Mr. Goguen's placement in administrative segregation was reviewed by Lieutenant Campbell on July 18, 2011. He determined that Mr. Goguen should remain in administrative segregation. Mr. Goguen received notice of the decision and notice

Page 442

that his placement would be reviewed on July 22, 2011. On July 22, 2011, a hearing was held to review Mr. Goguen's administrative segregation status; Lieutenant Campbell served as the hearing officer, and non-defendant Officers Jewell and Madore served as committee members. At the hearing, Mr. Goguen did not dispute that he told Officer Rizzo that he should be taken to A-pod if he was not going to be assigned a lower bunk; he does dispute that he was disruptive, that he argued, and that he refused an order, which were the bases for his transfer to A-pod.[8] The hearing committee determined that Mr. Goguen should remain in administrative segregation because of his habit of " arguing, wanting [his] own way, [and being] non-cooperative." [9] On July 28, Mr. Goguen was removed from administrative segregation and moved back to E-pod because he was " [r]eady to follow orders" and was placed in an upper bunk.[10]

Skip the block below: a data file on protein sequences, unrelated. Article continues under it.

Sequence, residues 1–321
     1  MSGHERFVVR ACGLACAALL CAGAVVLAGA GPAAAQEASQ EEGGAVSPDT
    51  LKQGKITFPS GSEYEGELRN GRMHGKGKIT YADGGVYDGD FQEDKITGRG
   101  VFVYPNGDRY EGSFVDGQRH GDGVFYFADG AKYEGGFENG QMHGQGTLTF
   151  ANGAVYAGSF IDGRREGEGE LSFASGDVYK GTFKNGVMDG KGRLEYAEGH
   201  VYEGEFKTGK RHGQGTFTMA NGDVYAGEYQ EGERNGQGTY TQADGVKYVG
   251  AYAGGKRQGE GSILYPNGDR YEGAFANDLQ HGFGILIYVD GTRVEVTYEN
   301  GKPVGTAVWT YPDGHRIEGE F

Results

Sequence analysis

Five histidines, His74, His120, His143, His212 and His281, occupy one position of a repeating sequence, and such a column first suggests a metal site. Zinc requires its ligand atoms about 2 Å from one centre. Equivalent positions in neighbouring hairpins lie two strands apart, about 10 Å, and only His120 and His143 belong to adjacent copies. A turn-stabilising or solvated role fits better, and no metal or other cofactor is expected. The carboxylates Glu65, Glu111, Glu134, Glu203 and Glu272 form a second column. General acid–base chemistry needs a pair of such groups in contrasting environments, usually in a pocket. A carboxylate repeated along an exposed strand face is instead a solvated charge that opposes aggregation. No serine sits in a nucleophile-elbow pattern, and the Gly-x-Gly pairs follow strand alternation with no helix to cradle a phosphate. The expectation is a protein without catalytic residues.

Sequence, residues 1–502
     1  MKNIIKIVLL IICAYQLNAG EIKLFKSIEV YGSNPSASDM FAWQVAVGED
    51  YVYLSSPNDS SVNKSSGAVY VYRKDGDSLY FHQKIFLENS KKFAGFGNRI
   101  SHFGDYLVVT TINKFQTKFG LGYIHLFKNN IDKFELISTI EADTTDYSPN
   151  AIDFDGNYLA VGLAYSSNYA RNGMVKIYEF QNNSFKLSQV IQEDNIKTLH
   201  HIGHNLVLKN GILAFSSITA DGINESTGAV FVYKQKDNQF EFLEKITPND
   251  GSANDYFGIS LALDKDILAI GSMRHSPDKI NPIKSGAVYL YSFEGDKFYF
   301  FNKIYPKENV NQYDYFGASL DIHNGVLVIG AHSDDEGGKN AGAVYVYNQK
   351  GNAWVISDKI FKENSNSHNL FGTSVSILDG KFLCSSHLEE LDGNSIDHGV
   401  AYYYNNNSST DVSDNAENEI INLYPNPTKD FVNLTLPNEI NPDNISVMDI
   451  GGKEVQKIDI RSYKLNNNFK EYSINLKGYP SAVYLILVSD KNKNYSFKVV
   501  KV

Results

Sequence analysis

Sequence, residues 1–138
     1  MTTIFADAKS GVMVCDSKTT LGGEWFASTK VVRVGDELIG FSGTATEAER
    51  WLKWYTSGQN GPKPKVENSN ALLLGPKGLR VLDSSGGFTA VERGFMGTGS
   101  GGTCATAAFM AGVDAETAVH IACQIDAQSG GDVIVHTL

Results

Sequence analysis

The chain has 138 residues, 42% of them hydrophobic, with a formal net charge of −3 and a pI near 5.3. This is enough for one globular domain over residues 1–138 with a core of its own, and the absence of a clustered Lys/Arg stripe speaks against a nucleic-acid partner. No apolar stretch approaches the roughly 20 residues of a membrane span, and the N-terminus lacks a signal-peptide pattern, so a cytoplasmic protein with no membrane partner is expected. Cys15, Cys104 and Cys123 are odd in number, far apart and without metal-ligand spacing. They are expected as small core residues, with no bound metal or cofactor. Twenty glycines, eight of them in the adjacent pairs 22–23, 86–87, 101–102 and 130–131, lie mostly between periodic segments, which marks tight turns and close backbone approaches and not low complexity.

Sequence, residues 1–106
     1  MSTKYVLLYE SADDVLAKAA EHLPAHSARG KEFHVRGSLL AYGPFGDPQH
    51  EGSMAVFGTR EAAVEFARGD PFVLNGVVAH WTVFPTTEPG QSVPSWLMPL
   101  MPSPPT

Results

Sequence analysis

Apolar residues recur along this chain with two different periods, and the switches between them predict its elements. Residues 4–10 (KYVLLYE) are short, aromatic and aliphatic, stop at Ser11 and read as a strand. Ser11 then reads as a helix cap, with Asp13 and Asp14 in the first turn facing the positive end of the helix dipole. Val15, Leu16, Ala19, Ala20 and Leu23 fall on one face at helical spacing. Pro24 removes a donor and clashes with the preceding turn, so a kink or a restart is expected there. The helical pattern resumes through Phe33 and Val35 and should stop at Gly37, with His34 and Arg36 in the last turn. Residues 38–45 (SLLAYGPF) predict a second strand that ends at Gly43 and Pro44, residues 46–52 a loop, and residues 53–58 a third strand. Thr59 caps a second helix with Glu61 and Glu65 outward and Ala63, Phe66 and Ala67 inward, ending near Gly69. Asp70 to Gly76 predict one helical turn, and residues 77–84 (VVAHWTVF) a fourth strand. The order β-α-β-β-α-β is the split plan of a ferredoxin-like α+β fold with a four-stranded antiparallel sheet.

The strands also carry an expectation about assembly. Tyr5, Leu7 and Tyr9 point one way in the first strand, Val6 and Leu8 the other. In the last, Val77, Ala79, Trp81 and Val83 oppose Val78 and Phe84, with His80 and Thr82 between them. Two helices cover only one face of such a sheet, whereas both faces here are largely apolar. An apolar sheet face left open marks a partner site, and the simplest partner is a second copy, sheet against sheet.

Shortly after Mr. Goguen returned to E-pod, Officer Rizzo approached Mr. Goguen and stated: " 'I will make sure that you do not come back to this block. I will do whatever it takes in my personal power to make sure you spend the rest of your time in A[-]pod. I don't care who I have to talk to.'" [11]

3. August 31/September 1, 2011 Incidents

On August 31, 2011, Mr. Goguen was on a telephone call with a federal magistrate judge about another lawsuit. Major Allen interrupted the call and insisted that Mr. Goguen hang up the telephone. When Mr. Goguen tried to explain that he was on the telephone with a federal magistrate judge, Major Allen " took the phone from [Mr. Goguen's] hand, hung the phone up, told [Mr. Goguen] to put [his] hands behind [his] back, [and] [Mr. Goguen] was handcuffed, shackled and escorted to A[-]pod." [12] Once there, Major Allen informed him that he (Mr. Goguen) would not be threatening other officers with lawsuits under his watch.[13] When it was determined that Mr. Goguen in fact had been on the telephone with a federal magistrate judge, Mr. Goguen was escorted back to the telephone to resume the call.